April 2010, the movie Fresh will launch its nationwide debut...and I highly recommend it. Among films of this genre, my notes say, “This film is vital.” I received an early release copy from the director, Ana Joanes, and was surprised to learn this is only her second documentary. Fresh is evidence that the Swiss-born, Brooklyn-based Joanes has a unique gift for storytelling. Production on Fresh began in late 2005, and it is a thrill to see the final outcome.
NOTE: Early marketing for the film is a grassroots effort. If you'd like to host a screening...details here.
Fresh director Ana Joanes takes us on a journey, contrasting large-scale agriculture with champions of the small farm movement.
The film offers a critical look at mono crops (farms that grow only one product, like corn), profiled against successful farms that have ultimately, veered from the industrial agricultural model. Driving the point home are stunning images of densely-packed feed lots, which make a startling juxtaposition to “farms done right”.
What distinguishes Fresh from other films of this sort is an undercurrent of hopefulness. The film profiles farmers who have broken with modern farm methods, and are thriving. Yes, the American agricultural system is broken. Fresh shines the light on farmers who are pioneering a new model, successfully.
Champion of the good food movement, Michael Pollan and agricultural economist John Ikerd provide an important narrative. “We can tip the balance of nature to a certain extent, “ says Ikerd, “but when we tip the balance too far, it causes problems.”
While Americans have the lowest food-to-income ratio in the world, Ikerd raises the alarm. “We got so obsessed with productivity and having more cheap stuff….We’re facing the inevitable consequences.” High-density animal farming, resulting concentrations of urine and feces that produce toxic waste, teamed with the heavy use of antibiotics and crop pesticides…the current model for cheap food is fraught with external costs.
Ikerd cautions, “It’s time to shift to a different world view, a different paradigm for the future.”
Cut to a pastoral scene of idyllic cows grazing on knee-high grass. Swoope, Virginia sustainable farmer Joe Salatin says, “It doesn’t get much better than this.” Illustrating his point, we see the interconnectedness of a truly sustainable farm. Cows graze on the land, and to avoid over use, they are rotated to a different pasture…daily. Three days after the cows, follow free range chickens that break up cow pies and feed on the fly larvae. The commensal relationship goes full circle. Chickens benefit from the cows, and in turn, break up the manure, which results in a natural fertilizer for the field.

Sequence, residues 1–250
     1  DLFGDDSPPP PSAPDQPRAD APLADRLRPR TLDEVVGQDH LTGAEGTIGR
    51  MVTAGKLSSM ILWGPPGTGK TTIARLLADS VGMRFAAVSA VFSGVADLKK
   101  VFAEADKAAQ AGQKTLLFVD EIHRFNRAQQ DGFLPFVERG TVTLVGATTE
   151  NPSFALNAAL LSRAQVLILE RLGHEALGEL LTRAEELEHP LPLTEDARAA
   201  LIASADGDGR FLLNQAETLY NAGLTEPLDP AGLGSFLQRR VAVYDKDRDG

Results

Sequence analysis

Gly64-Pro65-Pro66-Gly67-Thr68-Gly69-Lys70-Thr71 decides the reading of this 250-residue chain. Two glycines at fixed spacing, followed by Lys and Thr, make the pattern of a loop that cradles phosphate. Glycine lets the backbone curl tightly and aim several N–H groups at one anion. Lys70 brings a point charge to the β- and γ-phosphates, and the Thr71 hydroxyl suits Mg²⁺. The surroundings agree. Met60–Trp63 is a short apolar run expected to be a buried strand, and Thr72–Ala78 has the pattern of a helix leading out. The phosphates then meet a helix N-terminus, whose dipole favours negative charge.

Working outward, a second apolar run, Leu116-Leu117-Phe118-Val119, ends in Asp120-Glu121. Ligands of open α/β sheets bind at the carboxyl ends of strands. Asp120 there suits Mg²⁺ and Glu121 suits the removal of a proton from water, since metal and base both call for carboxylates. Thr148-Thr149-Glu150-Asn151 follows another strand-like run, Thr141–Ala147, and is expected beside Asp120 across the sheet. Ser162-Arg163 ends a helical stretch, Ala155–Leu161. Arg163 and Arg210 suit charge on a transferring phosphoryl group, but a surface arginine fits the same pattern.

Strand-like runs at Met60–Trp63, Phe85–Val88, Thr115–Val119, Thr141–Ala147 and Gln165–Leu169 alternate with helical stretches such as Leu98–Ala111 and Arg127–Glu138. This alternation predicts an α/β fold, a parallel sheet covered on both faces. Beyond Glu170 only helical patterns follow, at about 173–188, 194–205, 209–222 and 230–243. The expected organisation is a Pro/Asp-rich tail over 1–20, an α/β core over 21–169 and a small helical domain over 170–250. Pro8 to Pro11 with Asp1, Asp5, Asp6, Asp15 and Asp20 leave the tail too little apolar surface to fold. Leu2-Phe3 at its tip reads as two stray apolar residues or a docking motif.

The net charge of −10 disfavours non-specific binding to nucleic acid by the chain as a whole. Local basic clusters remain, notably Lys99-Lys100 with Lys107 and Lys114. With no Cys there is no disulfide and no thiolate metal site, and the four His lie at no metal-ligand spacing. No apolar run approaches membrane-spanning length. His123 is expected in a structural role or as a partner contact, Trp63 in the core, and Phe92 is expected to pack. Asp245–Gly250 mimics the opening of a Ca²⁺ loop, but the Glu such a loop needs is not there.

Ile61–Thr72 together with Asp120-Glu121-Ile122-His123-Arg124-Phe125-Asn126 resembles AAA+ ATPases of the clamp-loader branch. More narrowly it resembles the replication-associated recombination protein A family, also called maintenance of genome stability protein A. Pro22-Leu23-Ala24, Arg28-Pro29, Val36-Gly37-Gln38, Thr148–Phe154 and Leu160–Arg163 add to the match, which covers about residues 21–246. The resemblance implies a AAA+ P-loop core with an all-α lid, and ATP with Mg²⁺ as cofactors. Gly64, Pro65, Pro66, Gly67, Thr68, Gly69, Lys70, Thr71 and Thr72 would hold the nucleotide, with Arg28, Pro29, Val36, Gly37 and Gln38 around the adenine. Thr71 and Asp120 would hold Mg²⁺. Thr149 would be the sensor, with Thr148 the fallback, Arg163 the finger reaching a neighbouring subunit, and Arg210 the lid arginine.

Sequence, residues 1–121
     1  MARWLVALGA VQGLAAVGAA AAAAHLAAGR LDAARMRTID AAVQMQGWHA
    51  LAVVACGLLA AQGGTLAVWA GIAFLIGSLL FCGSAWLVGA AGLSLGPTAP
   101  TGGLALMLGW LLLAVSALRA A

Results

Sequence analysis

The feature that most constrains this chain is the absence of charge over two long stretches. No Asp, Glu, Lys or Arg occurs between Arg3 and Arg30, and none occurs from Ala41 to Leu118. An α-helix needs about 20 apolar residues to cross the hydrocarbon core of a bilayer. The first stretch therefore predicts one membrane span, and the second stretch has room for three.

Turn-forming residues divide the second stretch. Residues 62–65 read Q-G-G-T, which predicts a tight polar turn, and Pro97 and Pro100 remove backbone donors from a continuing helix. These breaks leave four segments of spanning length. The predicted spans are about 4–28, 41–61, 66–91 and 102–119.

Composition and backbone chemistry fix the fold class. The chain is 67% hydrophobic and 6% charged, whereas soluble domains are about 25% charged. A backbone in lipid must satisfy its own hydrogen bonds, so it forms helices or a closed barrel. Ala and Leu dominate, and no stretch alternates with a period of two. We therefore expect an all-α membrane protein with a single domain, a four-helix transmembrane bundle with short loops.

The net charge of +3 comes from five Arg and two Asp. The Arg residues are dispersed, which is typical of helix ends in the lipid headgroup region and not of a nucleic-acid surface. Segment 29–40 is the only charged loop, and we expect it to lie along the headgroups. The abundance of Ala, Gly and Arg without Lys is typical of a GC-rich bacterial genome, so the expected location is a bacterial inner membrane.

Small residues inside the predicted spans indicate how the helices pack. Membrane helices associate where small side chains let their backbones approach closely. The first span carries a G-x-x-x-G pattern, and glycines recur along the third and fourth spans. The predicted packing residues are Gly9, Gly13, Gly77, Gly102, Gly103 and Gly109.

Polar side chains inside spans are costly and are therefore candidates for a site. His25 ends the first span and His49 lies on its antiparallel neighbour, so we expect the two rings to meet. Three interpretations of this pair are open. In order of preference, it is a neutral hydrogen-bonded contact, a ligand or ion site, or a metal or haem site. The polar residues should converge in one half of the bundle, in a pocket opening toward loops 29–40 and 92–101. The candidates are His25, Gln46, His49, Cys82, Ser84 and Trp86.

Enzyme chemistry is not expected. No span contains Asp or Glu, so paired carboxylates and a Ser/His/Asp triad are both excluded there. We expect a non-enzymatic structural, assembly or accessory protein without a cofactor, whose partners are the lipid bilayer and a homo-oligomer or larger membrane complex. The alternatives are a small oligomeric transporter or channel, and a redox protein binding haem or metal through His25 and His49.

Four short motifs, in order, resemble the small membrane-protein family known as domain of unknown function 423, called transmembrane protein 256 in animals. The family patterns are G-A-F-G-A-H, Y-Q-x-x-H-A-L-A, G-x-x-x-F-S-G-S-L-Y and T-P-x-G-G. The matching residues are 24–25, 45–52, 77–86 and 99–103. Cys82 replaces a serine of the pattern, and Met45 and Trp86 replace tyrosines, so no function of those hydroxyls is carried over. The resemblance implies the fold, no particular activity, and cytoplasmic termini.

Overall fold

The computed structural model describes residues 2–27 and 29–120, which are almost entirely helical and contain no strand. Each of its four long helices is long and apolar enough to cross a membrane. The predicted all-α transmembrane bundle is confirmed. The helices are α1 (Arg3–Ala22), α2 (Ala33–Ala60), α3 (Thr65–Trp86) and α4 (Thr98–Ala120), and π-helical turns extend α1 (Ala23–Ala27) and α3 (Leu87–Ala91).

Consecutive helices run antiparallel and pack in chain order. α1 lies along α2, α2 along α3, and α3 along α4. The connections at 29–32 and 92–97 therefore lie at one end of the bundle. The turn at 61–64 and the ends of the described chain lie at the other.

As a steward of the land, the rotation system Salatin uses also makes financial sense. Between grazing and cutting the field for hay, “Not only do you get diversity of multi-speciation, but you’ve got all these complimentary income streams.” He illustrates his point in hard numbers, “Instead of the neighbor who just runs beef cows getting $150 per acre, we’re getting over $3,000 dollars an acre per acre.” Stalin ads, “And we haven’t bought a single seed or an ounce of fertilizer in 50 years!”
Will Allen, professional basketball player-turned urban farmer adds another important perspective. Farming on just 3 acres in urban Milwaukee, Allen illustrates vertical gardening with hanging flower pots staggered from floor to ceiling. In this case, the flowers have been replaced with lettuce, and the camera pans to a bounty of greens. Shuffling between rows of hanging baskets under a greenhouse canopy, Allen says, off-handedly, “We grow 150 varieties of micro-greens and salad greens.”
Moving on, Allen digs his massive hands into a wooden box filled midnight black soil, teeming with worms. Compost is key. “Whether it’s urban agriculture or rural agriculture, in a sustainable way, you have to grow healthy soil. That’s what we do.” He drives the point home, “We’re going to compost 6 million pounds of food waste from the City of Milwaukee this year.”
“We compost the waste and feed it to the worms.” Allen adds, “That food residue turns into microbiological-rich soil.” With his hands writhing with worms, he says, “This is your base material for growing good food.”
Diversification on Allen’s farm includes above-ground tanks of freshwater Tilapia. There too, the waste goes full circle. A pump removes water from the fish tanks, which is then used to water the plants. “Just like a stream or a river,” Allen reminds an attentive audience on a farm tour. “The plant’s roots take up the nutrients and clean the water.”
Fresh profiles a number of other farms, woven seamlessly with narrative of Pollan and Ikerd. (Kudos to the film's editor, Mona Davis.) The end result is an informative film that is both enlightening and entertaining.
NOTE: As of this writing, the film is touring in limited release. Check the website for screenings near you.